Thursday, March 19, 2009

Taking-Up Ghazi's Challenge:

To write about how I write, in the space of 500 words. An exercise.
A disclaimer: I smoke when I write, so my lungs may not be ready for the intensity of this blitzkrieg.
466 words left. (Not quite.)
I write, as you can see, with disclaimers as my preface. Whatever you will read will have been qualified.
I also write to a “you,” an audience—sometimes nebulous, sometimes targeted and specific. If you find yourself in the web of my address, then watch the veins in your neck.
So I qualify myself twice over: this is me, but within these parameters, and: you—I’m speaking to you.
Typically the publicity of my writing determines my qualifiers; if I write about “truth” then I can speak over the heads of many eyes who will see my words—in this way my writing is elitist: except if you understand my meaning, in which case this is a love letter.
And then, my writing is determined by whom I address. For instance: to ____ I write in a prose that is playful, flirtatious, and never committal; to ___ I write with the stern voice of an offended suitor; and to you, I write with the closest approximation to indifference I can muster.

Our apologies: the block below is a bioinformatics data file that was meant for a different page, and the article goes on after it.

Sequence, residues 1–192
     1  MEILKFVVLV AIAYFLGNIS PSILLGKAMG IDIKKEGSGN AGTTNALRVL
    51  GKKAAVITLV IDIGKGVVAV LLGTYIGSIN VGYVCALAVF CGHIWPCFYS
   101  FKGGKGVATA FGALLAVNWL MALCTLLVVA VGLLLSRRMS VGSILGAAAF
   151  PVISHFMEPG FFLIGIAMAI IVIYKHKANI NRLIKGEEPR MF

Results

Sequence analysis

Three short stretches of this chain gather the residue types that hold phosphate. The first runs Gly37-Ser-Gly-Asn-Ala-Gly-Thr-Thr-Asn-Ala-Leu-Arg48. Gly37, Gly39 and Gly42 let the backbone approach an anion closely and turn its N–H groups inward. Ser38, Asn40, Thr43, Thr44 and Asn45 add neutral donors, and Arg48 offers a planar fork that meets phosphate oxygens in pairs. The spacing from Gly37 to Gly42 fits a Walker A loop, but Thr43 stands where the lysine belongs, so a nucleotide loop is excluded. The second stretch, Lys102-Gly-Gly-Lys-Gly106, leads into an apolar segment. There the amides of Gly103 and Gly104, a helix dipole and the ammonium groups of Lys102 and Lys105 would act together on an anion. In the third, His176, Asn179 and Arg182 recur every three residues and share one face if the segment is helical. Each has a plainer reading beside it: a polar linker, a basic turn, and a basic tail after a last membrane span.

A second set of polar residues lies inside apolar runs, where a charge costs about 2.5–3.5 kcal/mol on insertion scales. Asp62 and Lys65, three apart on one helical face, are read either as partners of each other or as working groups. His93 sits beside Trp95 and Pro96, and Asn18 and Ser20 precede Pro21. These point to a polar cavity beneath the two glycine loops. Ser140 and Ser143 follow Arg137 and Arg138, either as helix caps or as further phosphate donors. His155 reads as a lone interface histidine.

I’m sweating now. It’s the lights, and the interrogation of the question. I’ve failed this polygraph already, so you might as well stick me, or hang me, or what have you.
(I lit another cigarette.)
I stall: halfway there, and still nothing said.
I write, you see, looking back now, with an honesty that is uncommon.
It is to write my skin onto page, and to construct my body out of these lines.
You already know too much of me: 1) my pride; 2) my desperation; 3) my need for “you.”
I write to answer a question. Ask me, or let me ask myself. I’ve written over 200 pages on love for you who will never read them. I’ve written 500 pages on love for a “you” that doesn’t know to answer.
From a certain point on Miami’s shoreline you can see the call and response of warning-beacons. They blink in syncopation, but still to one another. I write like one of these beacons: to no rhythm but yours, and am only heeded if you sense danger.
This, too, is a warning—and a call home. Here is the shore, I write, and here is where you will run aground.
(I lit another cigarette.)
Tonight, Ghazi, I write for one person, and he is neither you, nor I. He remains a phantom, for my friends cannot know him—their eyes are too cold, their lips too quick to sharp criticisms.
(Yes, I write always and only for…)
I prefer my ears hear only him when he speaks, and not the bile of their objections.
I write because of what one chooses to not write.
And I live because of what I chose not to hear.
Or I would be broken.
With love,
Samuel.




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